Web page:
Can the petrol-powered V90 off-road estate make a financial case for itself?
If you need rugged SUV-style ground-crossing prowess but really donâ€™t fancy a big, boxy SUV, Volvo has since the 1990s been one of the few manufacturers to offer an alternative. The V90 Cross Country is the latest in a line of toughened-up estate cars on stilts designed to appeal to those who prefer a more understated approach to off-roading.
Up to now, weâ€™ve only had diesel models, but as the backlash against the fuel continues, Volvoâ€™s now introduced a petrol-powered version. The tough body cladding and surprising off-road abilities continue, only this time powered by a 316bhp 2.0-litre turbocharged and supercharged 2.0-litre petrol.
Volvo V90 T6 Cross Country Pro
Engine: 2.0-litre, four-cylinder, turbocharged and supercharged petrol
Torque: 295lb ft
Gearbox: Eight-speed automatic
Kerb weight: 1834kg
Top speed: 143mph
Fuel economy: 36.7mpg
CO2 rating: 176g/km
Performance for one improves considerably. This V60 is now capable of 0-62mph in just 6.3 seconds. Itâ€™s an incredibly strong motor, with the supercharger providing instant surge at low revs, and the turbo kicking in at higher engine speeds. On-the-move overtaking shove is particularly impressive.
Pity itâ€™s hampered by a slow-to-respond eight-speed automatic gearbox, which dulls the carâ€™s responses, particularly in town. And while it replaces the grumbly diesel engine note with near-silence at slow speeds, the raspy noise it makes when worked harder is more hot hatch than luxury estate.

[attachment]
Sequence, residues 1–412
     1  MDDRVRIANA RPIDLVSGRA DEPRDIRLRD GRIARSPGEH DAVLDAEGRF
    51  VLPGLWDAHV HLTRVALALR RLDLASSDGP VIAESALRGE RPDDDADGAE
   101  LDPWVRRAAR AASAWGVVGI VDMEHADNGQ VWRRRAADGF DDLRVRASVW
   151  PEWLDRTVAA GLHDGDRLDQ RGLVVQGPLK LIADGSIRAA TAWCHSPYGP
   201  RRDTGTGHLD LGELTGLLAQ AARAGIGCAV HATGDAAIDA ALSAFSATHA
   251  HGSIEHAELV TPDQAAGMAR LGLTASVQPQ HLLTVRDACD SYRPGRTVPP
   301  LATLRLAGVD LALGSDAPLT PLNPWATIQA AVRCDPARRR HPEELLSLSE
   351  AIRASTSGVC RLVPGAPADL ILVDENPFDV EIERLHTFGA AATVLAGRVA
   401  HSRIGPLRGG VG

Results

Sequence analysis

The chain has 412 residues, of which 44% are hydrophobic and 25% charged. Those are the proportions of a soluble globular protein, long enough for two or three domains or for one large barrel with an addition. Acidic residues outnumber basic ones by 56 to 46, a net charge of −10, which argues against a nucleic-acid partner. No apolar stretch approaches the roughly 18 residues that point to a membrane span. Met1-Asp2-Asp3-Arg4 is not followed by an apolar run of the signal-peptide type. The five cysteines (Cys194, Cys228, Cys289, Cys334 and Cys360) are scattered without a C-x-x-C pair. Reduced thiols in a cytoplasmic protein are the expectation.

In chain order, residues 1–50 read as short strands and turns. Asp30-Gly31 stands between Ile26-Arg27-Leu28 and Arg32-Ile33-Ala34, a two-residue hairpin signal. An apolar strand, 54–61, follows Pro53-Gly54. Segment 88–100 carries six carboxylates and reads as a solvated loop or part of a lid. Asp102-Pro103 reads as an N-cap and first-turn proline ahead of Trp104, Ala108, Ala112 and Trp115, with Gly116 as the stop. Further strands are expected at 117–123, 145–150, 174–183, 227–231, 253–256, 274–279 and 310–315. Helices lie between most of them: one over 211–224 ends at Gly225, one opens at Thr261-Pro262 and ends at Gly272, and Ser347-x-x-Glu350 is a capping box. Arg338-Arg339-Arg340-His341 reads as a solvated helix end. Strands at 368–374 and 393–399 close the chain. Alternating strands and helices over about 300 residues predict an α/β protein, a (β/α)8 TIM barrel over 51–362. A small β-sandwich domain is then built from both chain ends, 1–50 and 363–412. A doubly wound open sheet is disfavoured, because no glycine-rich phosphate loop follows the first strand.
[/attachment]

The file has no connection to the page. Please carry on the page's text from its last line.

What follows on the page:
Fuel economy canâ€™t match the diesel either. The firm officially quotes a middling 36.7mpg, but in practice, we couldnâ€™t get anywhere near that. Even a relaxed motorway run didnâ€™t nudge the figure up much. When you add in the fact you can only buy it in top-spec Cross Country Pro trim, priced at over Â£50,000, the cost implications of choosing petrol seem steep.
What Volvo has kept is the impressive ride quality of the Cross Country, which is an improvement over the regular V90, thanks to its raised ride height and greater suspension travel. Around town, itâ€™s very successful in taking the edge off manhole covers, and floats along nicely and with good isolation.
Handling is a bit softer, and it does roll more than the regular, lower-slung V90, but itâ€™s still not excessive and, overall, we think Volvoâ€™s struck an excellent compromise.
Overall, the new petrol engine is a strong one, but the financial implications make it hard to recommend. Weâ€™d stick with the cheaper D4, which is also more relaxing to drive as it produces its power lower down in the rev range. Even alongside strong competition such as the Audi A6 Allroad and Mercedes-Benz E-Class All-Terrain, the V90 Cross Country holds its ownâ€¦ but only as a diesel, rather than the petrol tested here.